In the Honduran novel, The Ships by the Honduran author, Roberto Quesado, the protagonist, Lopez Guillermo is proud to be working on the pineapple plantation for the Standard Fruit Company despite being a city person. That is because there are not many jobs that pay well in the city.
What he would like to do is write but he is not sure if that too will bring in the money. However, that does not stop him from always thinking about how to write about certain things that are happening around him such as when he visits the town of El Porvenir, he thinks about how to write about that town where one is greeted by headless hands. He is always thinking about how to make his writing interesting and unique even though we do not really see him writing.
At the plantation, he meets a bunch of supportive workers who help him adjust from Chon, an old man who he met in the bus to the plantation on his first day to work; Chago, who is full of terrible stories from his army days and who Guillermo becomes close friends with; Luyi, a friend of Chon’s and many more who go through the same rituals of work, payday and fighting off the terrible weather of the plantation that could potentially kill you.
There is another story of how the protagonist meets his grandpa who lives deep in the forest and to whom he recites this very story that he tells us in the rest of the novel.
Parallel to that is also a story about how two people, a man and a woman, are committing a crime that is of thinking! This is perhaps in a reaction to the events that are happening in the background of Guillermo’s work at the plantation and that is the war with Nicaragua.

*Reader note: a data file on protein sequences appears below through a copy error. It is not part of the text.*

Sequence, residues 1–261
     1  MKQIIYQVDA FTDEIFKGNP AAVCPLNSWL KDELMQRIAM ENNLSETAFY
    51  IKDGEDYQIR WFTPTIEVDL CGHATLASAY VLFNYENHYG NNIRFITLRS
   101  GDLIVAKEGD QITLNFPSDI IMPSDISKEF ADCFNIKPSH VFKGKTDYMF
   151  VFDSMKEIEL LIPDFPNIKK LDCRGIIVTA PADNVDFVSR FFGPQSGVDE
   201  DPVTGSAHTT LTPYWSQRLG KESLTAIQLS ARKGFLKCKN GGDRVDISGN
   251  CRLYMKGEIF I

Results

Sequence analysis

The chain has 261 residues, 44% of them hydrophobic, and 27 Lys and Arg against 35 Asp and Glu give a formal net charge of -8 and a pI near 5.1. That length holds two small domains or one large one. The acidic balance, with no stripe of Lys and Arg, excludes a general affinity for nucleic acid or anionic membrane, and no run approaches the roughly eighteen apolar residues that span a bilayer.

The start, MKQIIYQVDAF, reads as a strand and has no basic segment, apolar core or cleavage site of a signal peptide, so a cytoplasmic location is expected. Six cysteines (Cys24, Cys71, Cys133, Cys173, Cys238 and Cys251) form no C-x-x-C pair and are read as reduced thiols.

The novel, The Ships, perhaps therefore presents stories within a main story which shows that Guillermo has decided to pursue his passion of writing and is telling the story that we read to his grandfather.
This would then qualify The Ships as a kunstlerroman. A kunstlerroman is a book which traces the growth of an artist to his maturity.
Another aspect that stands out in the novel is the story’s ode to the city, La Ceiba which is refreshing to see since we generally are often exposed to the typically European and American city bigwigs such as NYC or Paris! The descriptions are so detailed that it is as if we are in a travel book. So I would have actually loved a map along with the book for some good old vicarious traveling.
All in all, The Ships, is highly recommended because of its unique narrative style and presentation of a story and many other stories through the eyes of the potential writer in the novel.
Read The Book Cafe’s review on Quesado’s other novel, The Big Banana, here!